14 February 2010

Dying beyond your means

There's been a bit of pre-election huffing and puffing this week around care for the elderly in the UK. The facts about the size of the challenge are clear; according to the Office for National Statistics, despite large influxes of younger immigrants, overall the UK population balance continues get older. It is projected that, by 2033, 23 per cent of the population will be aged 65 and over compared to 18 per cent aged 16 or younger.

The fastest population increase has been in the number of those aged 85 and over, the 'oldest old'. In 1983, there were just over 600,000 people in the UK aged 85 and over. Since then the numbers have more than doubled reaching 1.3 million in 2008. By 2033 the number of people aged 85 and over is projected to more than double again to reach 3.2 million, and to account for 5 per cent of the total population. Combined with the fact that dementia rates rise rapidly among the over 80s, that's a big bill for care that someone has to foot. That someone probably being those of us who work and pay taxes.

The government suggested this week that those entering retirement might want to chip in a bit. Health Minister Andy Burnham said the government may introduce a compulsory charge of up to £20,000 pounds per person payable on retirement to cover the cost of care in old age - though, it is just one of three options being considered alongside a top-up payment system and an insurance-based approach. Frankly, I think he could suggest that the government will pay by winning the lottery every week, since he hasn't much chance of enacting anything after the general election. But that hasn't stopped Dave "David" Cameron jumping in with a soundbite about a "death tax", and an artless poster highlighting the issue (here).

If it were me, I'd make it £40,000, and we'll take the car as well, just so the Baby Boomer generation can finally feel what it feels like to pay for something. Having been rewarded with the best start in life on the backs of their parents' struggles, they have enjoyed a lifetime of free education, full employment, the sexual revolution and occupational pension schemes that seem designed by Bernie Madoff. And, of course, entitlement to retire at 55. Picking up the tab is my generation, who are presented with a unique opportunity to get screwed at both ends, as we won't get the chance to leech off the next generation in time-honoured fashion. The Boomers have pulled up the drawbridge, and we have to pay for everything ourselves.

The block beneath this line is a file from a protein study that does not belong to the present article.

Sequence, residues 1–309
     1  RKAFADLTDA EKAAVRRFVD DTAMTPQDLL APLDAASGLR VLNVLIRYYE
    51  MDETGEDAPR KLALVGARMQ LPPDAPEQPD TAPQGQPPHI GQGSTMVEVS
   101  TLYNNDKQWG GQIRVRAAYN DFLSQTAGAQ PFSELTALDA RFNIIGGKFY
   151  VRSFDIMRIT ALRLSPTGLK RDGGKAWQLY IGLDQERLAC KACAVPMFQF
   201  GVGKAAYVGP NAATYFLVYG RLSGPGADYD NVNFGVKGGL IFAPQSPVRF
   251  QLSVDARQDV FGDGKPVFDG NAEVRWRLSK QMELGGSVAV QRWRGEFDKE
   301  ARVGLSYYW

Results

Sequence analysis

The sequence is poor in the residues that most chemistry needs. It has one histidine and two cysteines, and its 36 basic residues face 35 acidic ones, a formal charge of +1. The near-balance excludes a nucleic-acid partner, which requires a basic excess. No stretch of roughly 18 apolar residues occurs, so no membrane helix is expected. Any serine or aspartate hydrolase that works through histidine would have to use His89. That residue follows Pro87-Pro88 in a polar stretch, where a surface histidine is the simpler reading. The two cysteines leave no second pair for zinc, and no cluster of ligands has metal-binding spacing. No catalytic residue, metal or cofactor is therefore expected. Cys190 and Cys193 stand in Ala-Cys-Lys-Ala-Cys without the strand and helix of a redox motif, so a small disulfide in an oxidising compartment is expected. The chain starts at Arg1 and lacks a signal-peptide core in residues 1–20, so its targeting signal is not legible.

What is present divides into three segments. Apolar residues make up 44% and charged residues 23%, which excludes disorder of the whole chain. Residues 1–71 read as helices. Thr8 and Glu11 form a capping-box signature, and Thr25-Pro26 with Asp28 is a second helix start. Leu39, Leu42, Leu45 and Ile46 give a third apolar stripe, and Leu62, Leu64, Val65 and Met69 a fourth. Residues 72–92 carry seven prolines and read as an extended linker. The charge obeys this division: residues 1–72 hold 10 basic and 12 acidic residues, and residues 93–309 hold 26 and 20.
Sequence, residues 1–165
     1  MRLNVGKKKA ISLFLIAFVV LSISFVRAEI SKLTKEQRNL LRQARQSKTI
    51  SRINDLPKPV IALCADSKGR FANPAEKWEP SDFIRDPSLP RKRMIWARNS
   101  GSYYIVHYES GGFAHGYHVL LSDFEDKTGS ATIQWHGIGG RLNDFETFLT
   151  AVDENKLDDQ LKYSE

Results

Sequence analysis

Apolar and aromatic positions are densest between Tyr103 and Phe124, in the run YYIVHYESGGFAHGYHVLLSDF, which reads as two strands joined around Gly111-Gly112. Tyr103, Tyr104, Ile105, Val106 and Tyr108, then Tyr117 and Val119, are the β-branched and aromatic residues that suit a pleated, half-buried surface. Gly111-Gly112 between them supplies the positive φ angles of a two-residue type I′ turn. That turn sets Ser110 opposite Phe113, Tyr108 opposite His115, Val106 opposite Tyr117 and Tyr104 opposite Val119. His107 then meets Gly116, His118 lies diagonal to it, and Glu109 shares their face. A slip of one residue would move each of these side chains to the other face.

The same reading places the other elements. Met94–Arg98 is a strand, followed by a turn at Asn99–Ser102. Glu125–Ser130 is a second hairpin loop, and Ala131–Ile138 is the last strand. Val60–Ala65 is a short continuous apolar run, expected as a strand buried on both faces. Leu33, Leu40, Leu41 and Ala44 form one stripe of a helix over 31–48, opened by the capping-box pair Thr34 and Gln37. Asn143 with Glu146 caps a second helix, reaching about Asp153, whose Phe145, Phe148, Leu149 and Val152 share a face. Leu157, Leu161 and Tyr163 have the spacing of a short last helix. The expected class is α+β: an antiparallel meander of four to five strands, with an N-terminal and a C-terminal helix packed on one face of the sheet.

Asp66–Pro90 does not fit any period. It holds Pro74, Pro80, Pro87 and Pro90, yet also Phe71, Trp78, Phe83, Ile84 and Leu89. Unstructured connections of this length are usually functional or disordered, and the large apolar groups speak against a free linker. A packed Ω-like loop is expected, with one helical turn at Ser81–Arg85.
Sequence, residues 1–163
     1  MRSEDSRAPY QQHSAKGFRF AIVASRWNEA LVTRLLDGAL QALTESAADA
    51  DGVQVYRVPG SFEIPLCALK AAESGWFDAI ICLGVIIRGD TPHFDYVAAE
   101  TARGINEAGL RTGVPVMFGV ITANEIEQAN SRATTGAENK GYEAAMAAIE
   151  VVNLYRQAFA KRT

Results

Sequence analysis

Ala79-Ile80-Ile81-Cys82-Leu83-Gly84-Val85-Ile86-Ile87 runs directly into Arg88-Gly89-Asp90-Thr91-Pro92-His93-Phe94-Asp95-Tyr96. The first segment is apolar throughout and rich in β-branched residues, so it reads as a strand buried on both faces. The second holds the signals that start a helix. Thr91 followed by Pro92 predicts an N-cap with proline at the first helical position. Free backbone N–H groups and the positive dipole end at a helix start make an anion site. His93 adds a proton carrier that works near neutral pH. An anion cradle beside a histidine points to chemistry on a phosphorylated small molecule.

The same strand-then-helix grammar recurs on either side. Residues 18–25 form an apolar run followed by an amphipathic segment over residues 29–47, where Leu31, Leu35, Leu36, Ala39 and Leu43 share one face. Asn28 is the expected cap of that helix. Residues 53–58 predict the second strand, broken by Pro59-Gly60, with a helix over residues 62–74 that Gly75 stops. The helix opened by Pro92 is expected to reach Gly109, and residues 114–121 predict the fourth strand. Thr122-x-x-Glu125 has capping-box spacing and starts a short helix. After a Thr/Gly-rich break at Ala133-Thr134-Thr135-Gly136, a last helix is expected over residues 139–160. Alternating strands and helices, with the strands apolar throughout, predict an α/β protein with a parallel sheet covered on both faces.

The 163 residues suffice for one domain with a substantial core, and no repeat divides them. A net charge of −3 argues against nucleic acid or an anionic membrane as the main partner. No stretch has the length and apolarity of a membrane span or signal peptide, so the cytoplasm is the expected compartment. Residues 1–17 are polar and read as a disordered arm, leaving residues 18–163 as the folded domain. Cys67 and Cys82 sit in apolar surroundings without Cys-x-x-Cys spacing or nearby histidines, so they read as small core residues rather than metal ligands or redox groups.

£20,000 is less than the operating costs of my 4-person family for just one year, so far from extortion, I reckon it looks excellent value for an open-ended commitment to on-call nurses to wipe your bum around the clock. But it's not something I will ultimately have to pay; by the 2030s I reckon they'll have banned retirement altogether, and we'll just be "executed" when the chip in our hands starts flashing. They'll call it Logan's Stagger.


PW said...

You're a hard man, Hoffy. But I think you have a point.

Anonymous said...

nice post. thanks.